Compare any two graphics cards:
GeForce GTX 560 vs Radeon HD 7870
IntroThe GeForce GTX 560 has a GPU core clock speed of 810 MHz, and the 1024 MB of GDDR5 memory runs at 1001 MHz through a 256-bit bus. It also is made up of 336 Stream Processors, 56 Texture Address Units, and 32 ROPs.
Compare all that to the Radeon HD 7870, which uses a 28 nm design. AMD has clocked the core frequency at 1000 MHz. The GDDR5 memory works at a frequency of 1200 MHz on this particular card. It features 1280 SPUs as well as 80 Texture Address Units and 32 Rasterization Operator Units.
(No game benchmarks for this combination yet.)
Power Usage and Theoretical Benchmarks
Power Consumption (Max TDP)
In theory, the Radeon HD 7870 is 20% quicker than the GeForce GTX 560 in general, because of its greater data rate. (explain)
Texel RateThe Radeon HD 7870 will be a lot (more or less 76%) faster with regards to anisotropic filtering than the GeForce GTX 560. (explain)
Pixel RateThe Radeon HD 7870 should be quite a bit (more or less 23%) more effective at AA than the GeForce GTX 560, and also able to handle higher screen resolutions without slowing down too much. (explain)
Please note that the above 'benchmarks' are all just theoretical - the results were calculated based on the card's specifications, and real-world performance may (and probably will) vary at least a bit.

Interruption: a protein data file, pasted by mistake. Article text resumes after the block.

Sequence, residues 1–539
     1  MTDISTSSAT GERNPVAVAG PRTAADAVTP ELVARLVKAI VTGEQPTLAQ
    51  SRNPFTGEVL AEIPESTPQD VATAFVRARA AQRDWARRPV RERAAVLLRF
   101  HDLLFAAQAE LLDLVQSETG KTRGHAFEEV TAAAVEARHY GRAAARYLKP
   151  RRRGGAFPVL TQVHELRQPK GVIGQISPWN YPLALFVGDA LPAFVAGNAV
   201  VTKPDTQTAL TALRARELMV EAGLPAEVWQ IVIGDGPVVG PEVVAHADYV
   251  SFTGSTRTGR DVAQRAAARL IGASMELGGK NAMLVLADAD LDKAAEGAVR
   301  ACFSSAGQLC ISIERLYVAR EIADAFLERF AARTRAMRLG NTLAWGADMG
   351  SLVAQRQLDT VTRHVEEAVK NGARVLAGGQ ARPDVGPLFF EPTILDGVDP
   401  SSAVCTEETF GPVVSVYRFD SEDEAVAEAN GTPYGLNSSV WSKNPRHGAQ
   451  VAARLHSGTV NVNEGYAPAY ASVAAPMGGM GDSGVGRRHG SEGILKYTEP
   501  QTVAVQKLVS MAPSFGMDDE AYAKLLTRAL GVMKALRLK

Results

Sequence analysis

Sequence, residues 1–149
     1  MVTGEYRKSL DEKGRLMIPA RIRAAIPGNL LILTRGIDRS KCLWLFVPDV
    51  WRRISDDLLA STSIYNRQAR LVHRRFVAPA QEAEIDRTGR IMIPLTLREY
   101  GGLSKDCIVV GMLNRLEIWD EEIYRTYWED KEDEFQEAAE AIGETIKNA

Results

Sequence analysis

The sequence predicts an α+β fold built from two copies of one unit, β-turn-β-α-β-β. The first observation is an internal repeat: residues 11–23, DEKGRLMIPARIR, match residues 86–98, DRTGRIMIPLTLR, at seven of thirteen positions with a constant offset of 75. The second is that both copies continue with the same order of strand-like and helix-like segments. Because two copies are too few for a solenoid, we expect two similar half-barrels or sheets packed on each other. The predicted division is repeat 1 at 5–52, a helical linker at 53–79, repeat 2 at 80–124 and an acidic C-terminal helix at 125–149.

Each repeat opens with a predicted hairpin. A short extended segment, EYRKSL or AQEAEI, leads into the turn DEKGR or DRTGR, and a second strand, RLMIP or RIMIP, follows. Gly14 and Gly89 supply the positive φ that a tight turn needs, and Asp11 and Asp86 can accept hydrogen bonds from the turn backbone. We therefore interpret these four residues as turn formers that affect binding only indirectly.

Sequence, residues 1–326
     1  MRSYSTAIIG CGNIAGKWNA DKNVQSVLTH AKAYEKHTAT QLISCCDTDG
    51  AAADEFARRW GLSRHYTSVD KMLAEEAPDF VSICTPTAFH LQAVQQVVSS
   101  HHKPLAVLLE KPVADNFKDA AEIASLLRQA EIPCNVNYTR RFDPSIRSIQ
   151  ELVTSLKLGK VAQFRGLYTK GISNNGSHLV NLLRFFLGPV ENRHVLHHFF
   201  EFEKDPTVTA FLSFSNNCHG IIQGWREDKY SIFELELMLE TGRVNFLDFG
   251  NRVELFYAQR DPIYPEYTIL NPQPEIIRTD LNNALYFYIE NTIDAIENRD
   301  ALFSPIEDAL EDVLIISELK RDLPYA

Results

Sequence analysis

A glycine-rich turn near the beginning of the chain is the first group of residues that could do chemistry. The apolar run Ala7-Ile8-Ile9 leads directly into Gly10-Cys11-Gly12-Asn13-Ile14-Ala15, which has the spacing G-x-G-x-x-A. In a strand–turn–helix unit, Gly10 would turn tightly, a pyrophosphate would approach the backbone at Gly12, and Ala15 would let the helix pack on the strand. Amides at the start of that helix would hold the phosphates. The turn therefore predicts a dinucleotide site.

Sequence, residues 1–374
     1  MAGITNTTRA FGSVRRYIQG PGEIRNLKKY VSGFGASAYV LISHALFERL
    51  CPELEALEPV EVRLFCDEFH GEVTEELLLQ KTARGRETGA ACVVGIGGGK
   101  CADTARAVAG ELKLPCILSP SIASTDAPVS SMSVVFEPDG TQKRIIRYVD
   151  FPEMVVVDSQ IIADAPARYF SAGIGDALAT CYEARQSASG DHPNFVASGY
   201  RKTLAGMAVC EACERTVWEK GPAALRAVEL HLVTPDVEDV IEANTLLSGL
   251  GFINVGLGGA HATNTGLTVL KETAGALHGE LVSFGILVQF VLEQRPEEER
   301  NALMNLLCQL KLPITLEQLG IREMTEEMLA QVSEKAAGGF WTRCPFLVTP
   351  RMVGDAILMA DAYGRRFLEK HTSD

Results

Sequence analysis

Please note that the price comparisons are based on search keywords - sometimes it might show cards with very similar names that are not exactly the same as the one chosen in the comparison. We do try to filter out the wrong results as best we can, though.
Memory Bandwidth: Memory bandwidth is the maximum amount of information (counted in MB per second) that can be moved across the external memory interface in one second. The number is worked out by multiplying the bus width by its memory speed. If the card has DDR type RAM, it must be multiplied by 2 once again. If DDR5, multiply by ANOTHER 2x. The higher the memory bandwidth, the faster the card will be in general. It especially helps with AA, High Dynamic Range and higher screen resolutions.
Texel Rate: Texel rate is the maximum number of texture map elements (texels) that can be processed in one second. This number is calculated by multiplying the total number of texture units of the card by the core speed of the chip. The better this number, the better the card will be at handling texture filtering (anisotropic filtering - AF). It is measured in millions of texels per second.
Pixel Rate: Pixel rate is the most pixels that the graphics chip can possibly write to its local memory in one second - measured in millions of pixels per second. The number is worked out by multiplying the amount of Render Output Units by the the core clock speed. ROPs (Raster Operations Pipelines - sometimes also referred to as Render Output Units) are responsible for filling the screen with pixels (the image). The actual pixel output rate also depends on many other factors, especially the memory bandwidth of the card - the lower the memory bandwidth is, the lower the potential to get to the maximum fill rate.